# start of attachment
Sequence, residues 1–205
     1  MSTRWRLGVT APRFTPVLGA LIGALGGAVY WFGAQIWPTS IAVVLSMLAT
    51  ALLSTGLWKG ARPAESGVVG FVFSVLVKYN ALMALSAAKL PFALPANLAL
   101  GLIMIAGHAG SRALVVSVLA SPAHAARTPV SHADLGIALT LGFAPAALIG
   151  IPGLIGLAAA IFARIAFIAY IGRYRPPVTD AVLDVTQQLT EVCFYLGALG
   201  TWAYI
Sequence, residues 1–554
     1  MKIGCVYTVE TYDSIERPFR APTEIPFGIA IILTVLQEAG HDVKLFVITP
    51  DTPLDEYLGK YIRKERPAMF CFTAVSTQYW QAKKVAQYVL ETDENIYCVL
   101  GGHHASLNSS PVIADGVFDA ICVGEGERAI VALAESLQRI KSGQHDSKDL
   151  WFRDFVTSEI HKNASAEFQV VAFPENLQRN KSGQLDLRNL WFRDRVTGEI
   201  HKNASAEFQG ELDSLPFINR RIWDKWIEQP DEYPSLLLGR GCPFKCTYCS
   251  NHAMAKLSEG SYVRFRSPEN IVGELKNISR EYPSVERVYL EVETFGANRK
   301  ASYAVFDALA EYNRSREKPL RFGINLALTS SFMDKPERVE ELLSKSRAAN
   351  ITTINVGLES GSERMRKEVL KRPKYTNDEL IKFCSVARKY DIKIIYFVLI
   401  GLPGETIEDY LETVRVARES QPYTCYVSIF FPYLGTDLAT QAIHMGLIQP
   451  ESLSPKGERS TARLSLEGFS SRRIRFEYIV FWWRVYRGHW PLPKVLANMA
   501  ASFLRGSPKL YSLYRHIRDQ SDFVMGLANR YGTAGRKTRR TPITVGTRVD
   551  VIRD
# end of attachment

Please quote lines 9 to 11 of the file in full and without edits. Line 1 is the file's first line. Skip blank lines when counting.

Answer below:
    51  DTPLDEYLGK YIRKERPAMF CFTAVSTQYW QAKKVAQYVL ETDENIYCVL
   101  GGHHASLNSS PVIADGVFDA ICVGEGERAI VALAESLQRI KSGQHDSKDL
   151  WFRDFVTSEI HKNASAEFQV VAFPENLQRN KSGQLDLRNL WFRDRVTGEI